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kainjow
Jun 15, 2011, 10:24 PM
For those who haven't heard, there is a new way of dealing with memory management in Cocoa starting with 10.7/iOS 5 called Automatic Reference Counting (ARC) that has just been made public (http://lists.cs.uiuc.edu/pipermail/cfe-dev/2011-June/015588.html).

From the spec (http://clang.llvm.org/docs/AutomaticReferenceCounting.html#meta):
Automatic Reference Counting implements automatic memory management for Objective-C objects and blocks, freeing the programmer from the need [to] explicitly insert retains and releases.

One addition to this change is the @autorelease{} statement that replaces the need to use NSAutoreleasePool.

Should be some welcomed improvements.



Blakeasd
Jun 15, 2011, 11:11 PM
It seems stupid though that IOS devs get it first with Xcode 4.2. I pay $99 for the Mac program, yet IOS devs pay $99 and get it first. :mad:

chown33
Jun 16, 2011, 12:04 AM
Mac programmers already have full garbage collection. For free. Right now. Works on 10.5 and 10.6. 32-bit and 64-bit.

I don't see that this adds a lot.

jiminaus
Jun 16, 2011, 01:55 AM
Mac programmers already have full garbage collection. For free. Right now. Works on 10.5 and 10.6. 32-bit and 64-bit.

I don't see that this adds a lot.

I have only looked at this briefly, but I can see this bringing in the coding convenience of garbage collection without the runtime overhead.

gnasher729
Jun 16, 2011, 03:32 AM
Mac programmers already have full garbage collection. For free. Right now. Works on 10.5 and 10.6. 32-bit and 64-bit.

I don't see that this adds a lot.

It's very useful if you have code that you share between MacOS X and iPhone / iPad. I do, which meant no garbage collection in MacOS X for me because it doesn't work on the iPhone.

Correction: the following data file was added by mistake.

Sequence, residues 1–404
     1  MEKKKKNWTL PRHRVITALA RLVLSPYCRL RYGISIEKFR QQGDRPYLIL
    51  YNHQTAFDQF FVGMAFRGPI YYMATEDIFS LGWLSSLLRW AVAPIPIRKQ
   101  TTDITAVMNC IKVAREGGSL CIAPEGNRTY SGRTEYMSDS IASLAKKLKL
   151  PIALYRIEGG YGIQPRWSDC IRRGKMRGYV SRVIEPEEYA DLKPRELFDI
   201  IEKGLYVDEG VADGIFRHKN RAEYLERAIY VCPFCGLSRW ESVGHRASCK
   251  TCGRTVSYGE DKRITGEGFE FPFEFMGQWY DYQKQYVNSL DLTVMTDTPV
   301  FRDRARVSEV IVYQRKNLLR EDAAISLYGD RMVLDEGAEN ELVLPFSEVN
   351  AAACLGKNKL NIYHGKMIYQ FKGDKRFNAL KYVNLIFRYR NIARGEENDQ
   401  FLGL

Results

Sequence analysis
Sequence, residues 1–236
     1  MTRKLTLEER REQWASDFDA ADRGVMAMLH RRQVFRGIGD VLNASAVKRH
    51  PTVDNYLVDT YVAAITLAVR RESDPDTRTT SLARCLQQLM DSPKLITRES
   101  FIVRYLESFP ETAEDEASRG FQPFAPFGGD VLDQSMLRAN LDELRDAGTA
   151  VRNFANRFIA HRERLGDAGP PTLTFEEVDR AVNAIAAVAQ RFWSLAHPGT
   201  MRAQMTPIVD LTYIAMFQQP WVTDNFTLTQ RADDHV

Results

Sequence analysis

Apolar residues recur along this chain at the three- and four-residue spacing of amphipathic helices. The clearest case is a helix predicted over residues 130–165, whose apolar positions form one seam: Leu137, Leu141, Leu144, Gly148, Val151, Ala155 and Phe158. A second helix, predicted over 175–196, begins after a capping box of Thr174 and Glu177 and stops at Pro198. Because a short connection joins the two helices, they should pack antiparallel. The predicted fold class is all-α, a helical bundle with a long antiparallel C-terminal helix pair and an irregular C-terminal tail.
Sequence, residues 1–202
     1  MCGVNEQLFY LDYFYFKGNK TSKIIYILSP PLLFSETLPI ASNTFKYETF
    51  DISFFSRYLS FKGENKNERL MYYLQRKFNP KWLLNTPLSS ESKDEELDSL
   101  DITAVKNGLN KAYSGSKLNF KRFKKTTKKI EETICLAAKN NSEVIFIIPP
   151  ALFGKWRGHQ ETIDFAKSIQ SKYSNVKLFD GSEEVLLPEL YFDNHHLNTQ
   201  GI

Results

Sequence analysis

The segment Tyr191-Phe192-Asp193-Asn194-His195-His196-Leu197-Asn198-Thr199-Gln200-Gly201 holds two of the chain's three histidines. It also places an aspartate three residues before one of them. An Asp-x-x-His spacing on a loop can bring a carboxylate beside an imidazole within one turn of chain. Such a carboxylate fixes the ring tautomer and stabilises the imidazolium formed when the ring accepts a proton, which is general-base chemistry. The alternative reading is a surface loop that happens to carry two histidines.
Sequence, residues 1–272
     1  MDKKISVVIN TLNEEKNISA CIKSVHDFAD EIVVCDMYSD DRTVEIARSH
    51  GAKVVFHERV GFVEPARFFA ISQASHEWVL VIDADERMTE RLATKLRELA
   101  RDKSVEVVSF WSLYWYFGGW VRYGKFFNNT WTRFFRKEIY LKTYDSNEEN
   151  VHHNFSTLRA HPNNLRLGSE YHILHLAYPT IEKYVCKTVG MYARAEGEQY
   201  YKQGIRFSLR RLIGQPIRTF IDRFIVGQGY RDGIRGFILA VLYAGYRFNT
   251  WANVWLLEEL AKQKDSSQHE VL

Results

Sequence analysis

robbieduncan
Jun 16, 2011, 04:49 AM
http://forums.macrumors.com/showthread.php?t=1164724

Mac programmers already have full garbage collection. For free. Right now. Works on 10.5 and 10.6. 32-bit and 64-bit.

I don't see that this adds a lot.

It removes the run-time overhead of garbage collection. This can be quite significant, especially in performance critical code. As ARC is done at compile time you get the full performance of the reference counted environment without managing retain/release yourself.

GorillaPaws
Jun 16, 2011, 07:07 AM
While this is great news, there's a sick part of me that likes reference counting. Retain/release memory management forces me to always consider each object's lifecycle and the interaction/ownership of the object graph. I also like driving cars with manual transmissions if that tells you anything. If I were a better programmer, I would probably be more excited about GC and ARC, because memory management does become tedious.

In theory, will this open up the door for some further new innovations in the Static Analyzer that were previously impossible?

amorya
Jun 18, 2011, 06:55 AM
It seems stupid though that IOS devs get it first with Xcode 4.2. I pay $99 for the Mac program, yet IOS devs pay $99 and get it first. :mad:

If you pay for the Mac program, you should be able to download Lion (required) and Xcode 4.2.

jiminaus
Jun 18, 2011, 07:00 AM
If you pay for the Mac program, you should be able to download Lion (required) and Xcode 4.2.

XCode 4.2 is only available under iOS SDK beta, therefore it's only available to paid iOS developers. Even though there are versions for both Snow Leopard and Lion, and ARC works under Mac OS X as well as iOS. The Mac OS X Lion part of Mac Dev Centre still only has XCode 4.1 DP6, I would expect that to change to XCode 4.2. I can't see any reason for restricting Mac OS X developers to XCode 4.1.